“Will PFNZ 2050 be a net beneﬁt for native biodiversity? Undoubtedly yes, if perverse eﬀects are avoided and management eﬀorts are not diverted away from other drivers of decline. Ensuring management eﬀorts are not diverted away from other activities such as habitat restoration relies on clear governance structures and co-ordination at the meso- and national scales; for example, by linking PFNZ 2050 with the ‘billion trees’ programme, which seeks to increase forest cover throughout NZ and will thus have consequences for habitat availability and quality. On the other hand, predator removal alone many not result in the expected beneﬁts if it undermines other eﬀorts or other major drivers of change are not also considered.”
Stressors or threats to native biodiversity, other than predators, include ecosystem changes, pollution, climate change, habitat fragmentation or exploitation.
“For example, Ruﬀell and Didham (2017) demonstrate for northern NZ that only a few bird species responded positively to intense predator control, and that this response was conditional on having suﬃcient forest cover (about 10%), suggesting that restoration of woody plant cover is needed for the beneﬁts of predator control to be realised. Treating predator removal as the single or main driver of changes in diversity may be treating the symptoms rather than the causes of change in complex social-ecological systems (SES).”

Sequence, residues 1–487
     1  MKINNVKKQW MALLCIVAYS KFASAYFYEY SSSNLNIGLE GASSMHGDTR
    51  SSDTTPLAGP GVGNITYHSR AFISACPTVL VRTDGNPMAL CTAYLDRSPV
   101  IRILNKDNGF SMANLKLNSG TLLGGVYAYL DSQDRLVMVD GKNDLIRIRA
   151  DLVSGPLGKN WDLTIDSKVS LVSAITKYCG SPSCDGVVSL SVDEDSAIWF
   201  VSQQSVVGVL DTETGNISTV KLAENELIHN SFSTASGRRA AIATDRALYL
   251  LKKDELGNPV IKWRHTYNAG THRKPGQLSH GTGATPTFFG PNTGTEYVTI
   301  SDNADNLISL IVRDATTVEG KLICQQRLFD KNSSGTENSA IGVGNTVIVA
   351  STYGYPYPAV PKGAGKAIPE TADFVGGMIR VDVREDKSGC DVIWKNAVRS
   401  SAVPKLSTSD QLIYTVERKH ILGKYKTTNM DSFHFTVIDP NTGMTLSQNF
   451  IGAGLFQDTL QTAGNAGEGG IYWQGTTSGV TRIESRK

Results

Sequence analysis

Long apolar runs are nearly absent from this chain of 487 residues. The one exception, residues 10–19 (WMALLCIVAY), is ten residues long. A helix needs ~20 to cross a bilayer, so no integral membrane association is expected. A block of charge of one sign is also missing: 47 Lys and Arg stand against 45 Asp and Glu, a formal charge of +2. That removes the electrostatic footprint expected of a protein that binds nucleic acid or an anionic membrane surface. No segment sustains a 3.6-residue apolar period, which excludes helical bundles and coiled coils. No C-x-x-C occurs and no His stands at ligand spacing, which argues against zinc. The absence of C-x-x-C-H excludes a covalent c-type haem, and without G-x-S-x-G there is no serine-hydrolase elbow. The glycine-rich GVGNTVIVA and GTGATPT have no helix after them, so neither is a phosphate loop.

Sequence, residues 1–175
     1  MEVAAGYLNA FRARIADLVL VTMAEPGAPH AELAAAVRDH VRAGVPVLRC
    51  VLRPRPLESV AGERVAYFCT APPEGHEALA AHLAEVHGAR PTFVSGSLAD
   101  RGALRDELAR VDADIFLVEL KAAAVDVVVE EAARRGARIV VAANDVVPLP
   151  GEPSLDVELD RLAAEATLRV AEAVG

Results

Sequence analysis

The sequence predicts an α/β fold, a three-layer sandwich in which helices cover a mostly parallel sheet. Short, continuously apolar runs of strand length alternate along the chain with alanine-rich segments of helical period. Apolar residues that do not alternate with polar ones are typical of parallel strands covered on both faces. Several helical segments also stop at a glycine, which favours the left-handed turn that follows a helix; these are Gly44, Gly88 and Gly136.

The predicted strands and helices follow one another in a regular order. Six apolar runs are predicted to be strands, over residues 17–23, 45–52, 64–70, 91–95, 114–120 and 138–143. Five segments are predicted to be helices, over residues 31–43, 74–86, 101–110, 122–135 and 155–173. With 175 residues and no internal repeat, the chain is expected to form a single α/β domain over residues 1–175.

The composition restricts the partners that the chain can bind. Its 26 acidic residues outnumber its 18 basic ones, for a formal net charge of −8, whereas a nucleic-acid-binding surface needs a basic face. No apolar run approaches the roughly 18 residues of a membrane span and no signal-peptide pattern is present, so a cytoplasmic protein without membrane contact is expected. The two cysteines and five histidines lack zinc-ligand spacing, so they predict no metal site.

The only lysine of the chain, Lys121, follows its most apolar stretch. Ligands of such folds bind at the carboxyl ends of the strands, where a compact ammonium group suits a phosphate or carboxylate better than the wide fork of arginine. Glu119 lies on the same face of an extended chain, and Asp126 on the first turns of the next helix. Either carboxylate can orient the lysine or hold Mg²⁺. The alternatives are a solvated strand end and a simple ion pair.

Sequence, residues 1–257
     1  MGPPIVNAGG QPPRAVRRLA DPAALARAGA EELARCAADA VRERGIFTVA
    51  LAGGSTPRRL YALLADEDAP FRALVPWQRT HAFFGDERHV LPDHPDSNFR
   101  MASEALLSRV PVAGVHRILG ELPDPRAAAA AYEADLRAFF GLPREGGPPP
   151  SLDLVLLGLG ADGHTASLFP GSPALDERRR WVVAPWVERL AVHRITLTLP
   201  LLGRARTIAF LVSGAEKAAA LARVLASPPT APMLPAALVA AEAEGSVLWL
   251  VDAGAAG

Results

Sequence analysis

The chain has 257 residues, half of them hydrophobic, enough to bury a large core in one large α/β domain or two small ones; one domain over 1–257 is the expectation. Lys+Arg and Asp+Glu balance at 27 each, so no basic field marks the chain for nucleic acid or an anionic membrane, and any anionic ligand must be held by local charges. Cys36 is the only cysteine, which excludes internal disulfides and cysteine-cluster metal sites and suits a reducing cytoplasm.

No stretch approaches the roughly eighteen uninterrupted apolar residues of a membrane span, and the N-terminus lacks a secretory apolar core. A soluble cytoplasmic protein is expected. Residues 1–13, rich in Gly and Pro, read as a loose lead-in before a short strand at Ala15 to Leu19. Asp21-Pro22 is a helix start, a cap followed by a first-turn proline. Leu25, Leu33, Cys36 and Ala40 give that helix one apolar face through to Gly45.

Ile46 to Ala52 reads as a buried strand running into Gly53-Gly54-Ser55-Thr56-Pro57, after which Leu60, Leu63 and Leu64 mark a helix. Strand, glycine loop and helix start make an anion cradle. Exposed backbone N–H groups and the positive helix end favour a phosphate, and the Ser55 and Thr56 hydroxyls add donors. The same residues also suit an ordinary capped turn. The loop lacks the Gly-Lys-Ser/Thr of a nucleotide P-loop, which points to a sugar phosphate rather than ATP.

Then there are societal considerations of eradication effort.
“Beyond understanding the biological system implications of large-scale predator management, complex social issues will also need to be addressed. For example, one potential conﬂict involves non-native species that are simultaneously valued and despised by diﬀerent communities. Non-native predator species in NZ span the range from universally unwanted pests (e.g. rats, mustelids, possums, wasps) though to valued resources (cats, dogs, pigs) and even to legally protected (e.g. salmonid ﬁsh). Furthermore, non-native species such as pigs and deer have become culturally signiﬁcant to Māori as a source of food.”